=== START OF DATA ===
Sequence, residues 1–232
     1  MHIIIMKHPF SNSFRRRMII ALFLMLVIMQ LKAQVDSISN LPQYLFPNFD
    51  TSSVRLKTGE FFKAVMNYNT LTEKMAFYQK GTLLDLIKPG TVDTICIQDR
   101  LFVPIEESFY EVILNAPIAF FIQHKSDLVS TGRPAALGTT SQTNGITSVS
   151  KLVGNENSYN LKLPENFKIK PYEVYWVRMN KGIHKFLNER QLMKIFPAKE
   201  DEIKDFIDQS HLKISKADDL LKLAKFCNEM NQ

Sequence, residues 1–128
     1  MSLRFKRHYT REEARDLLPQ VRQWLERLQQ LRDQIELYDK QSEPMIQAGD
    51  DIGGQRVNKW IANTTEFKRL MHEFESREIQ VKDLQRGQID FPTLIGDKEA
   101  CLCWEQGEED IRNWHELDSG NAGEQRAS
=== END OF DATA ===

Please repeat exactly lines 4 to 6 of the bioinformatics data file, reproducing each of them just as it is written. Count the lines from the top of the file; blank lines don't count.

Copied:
   101  LFVPIEESFY EVILNAPIAF FIQHKSDLVS TGRPAALGTT SQTNGITSVS
   151  KLVGNENSYN LKLPENFKIK PYEVYWVRMN KGIHKFLNER QLMKIFPAKE
   201  DEIKDFIDQS HLKISKADDL LKLAKFCNEM NQ